continent. maps a topology of unstable confluences and ranges across new thinking, traversing interstices and alternate directions in culture, theory, biopolitics and art.
Issue 5.3 / 2016:

Urban Intonation

Brian House

"Urban Intonation - Brian House

 

“The Council Held by Rats”, Gustave Doré. 1867.

 

 

Living under the paving stones, consuming our refuse, and incubating our diseases, the mythos of the NYC rat reflects the underside of global, urban capitalism. The revulsion they inspire actually speaks of our closeness to them—neither domesticated nor "wild," the rat belies the notion that we are separate from nature. And just as we continually negotiate our place in a dynamic city, so have they developed elaborate social codes intertwined with urban architecture and geography.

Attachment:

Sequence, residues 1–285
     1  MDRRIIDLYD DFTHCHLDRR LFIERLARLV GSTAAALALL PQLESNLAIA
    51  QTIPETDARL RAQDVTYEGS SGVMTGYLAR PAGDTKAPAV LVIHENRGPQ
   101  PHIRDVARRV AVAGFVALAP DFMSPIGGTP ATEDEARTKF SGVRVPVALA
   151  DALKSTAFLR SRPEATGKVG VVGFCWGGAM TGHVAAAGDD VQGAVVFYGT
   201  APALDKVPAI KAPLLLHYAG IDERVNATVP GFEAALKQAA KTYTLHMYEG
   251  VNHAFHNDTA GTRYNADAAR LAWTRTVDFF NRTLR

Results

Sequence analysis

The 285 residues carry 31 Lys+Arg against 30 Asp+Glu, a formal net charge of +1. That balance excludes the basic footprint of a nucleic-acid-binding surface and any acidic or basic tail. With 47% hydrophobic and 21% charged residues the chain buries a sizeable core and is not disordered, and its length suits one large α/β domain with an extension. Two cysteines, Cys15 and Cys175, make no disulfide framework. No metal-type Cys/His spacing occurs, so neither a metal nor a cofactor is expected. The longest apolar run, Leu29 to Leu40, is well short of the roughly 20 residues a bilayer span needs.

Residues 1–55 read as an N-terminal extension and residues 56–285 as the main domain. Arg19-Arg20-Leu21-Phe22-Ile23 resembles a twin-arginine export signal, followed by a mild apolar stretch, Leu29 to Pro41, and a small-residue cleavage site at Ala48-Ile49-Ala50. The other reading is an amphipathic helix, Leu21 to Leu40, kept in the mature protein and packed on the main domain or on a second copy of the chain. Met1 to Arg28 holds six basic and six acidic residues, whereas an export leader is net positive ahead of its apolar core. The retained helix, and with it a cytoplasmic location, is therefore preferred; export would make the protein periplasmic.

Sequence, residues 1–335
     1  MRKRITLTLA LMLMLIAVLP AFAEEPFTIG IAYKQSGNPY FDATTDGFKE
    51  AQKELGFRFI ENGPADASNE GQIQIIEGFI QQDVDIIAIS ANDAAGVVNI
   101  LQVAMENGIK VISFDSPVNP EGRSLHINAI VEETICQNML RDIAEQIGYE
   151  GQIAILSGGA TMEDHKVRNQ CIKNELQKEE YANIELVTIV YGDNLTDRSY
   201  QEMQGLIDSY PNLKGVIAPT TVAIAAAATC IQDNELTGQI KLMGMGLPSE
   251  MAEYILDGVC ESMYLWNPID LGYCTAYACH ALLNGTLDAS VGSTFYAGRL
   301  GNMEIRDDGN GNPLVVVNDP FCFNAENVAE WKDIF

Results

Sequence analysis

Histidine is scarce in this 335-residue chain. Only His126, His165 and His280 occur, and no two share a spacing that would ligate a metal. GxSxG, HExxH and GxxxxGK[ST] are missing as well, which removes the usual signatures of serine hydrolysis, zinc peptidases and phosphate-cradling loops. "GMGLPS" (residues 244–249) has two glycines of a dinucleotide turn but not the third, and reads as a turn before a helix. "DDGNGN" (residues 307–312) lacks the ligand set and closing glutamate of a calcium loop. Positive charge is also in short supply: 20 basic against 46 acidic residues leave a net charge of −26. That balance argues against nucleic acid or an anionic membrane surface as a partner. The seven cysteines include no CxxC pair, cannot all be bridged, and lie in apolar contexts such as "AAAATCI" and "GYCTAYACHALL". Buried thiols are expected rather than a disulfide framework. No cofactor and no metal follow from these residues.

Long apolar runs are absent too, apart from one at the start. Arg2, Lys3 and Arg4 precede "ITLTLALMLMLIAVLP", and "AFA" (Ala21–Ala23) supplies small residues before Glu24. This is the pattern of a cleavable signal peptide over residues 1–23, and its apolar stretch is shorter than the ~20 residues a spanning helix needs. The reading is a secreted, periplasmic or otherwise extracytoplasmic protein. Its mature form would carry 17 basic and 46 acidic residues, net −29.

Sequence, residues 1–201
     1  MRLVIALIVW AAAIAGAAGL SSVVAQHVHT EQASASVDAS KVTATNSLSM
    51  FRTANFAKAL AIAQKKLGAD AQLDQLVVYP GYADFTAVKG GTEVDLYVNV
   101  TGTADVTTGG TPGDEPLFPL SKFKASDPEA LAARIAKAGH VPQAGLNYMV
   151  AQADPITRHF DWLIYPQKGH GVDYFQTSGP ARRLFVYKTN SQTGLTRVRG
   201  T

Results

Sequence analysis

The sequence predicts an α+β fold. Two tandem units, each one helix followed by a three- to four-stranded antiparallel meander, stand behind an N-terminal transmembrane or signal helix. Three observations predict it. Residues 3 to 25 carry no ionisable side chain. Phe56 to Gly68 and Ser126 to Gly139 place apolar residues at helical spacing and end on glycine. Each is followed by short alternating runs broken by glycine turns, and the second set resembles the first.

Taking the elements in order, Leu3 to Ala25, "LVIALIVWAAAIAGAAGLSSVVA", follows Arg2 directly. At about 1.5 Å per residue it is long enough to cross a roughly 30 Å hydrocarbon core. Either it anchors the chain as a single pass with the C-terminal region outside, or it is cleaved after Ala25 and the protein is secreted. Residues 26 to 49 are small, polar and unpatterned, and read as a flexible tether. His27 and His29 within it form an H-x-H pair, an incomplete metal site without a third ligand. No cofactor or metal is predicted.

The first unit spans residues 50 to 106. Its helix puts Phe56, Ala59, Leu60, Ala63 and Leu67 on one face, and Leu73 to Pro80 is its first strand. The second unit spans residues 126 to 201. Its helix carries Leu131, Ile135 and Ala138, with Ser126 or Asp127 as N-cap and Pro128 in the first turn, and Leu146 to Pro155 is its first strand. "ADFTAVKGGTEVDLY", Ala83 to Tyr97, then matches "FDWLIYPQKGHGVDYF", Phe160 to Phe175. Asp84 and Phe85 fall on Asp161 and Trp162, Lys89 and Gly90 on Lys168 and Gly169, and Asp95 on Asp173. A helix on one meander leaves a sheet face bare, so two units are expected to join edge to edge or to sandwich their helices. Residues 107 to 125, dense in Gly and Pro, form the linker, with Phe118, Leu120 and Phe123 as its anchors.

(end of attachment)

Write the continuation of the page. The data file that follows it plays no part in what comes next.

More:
Rarely, however, are we privy to the vocal address of one rat to another, acoustically masked as they are by the din of human activity. What if these voices, though unintelligible to us, were nonetheless broadcast into public space in the same way that our own concerns are so regularly announced? Could we hear in nonhuman communication the negotiation of anxiety that characterizes the contemporary human "public"?

 

For Urban Intonation, I have gathered recordings of rats from NYC. Snippets of audio featuring the squeaks, chirrups, and bruxing of murine social interactions are edited together and shifted into the human auditory range—the result is played back over human address systems.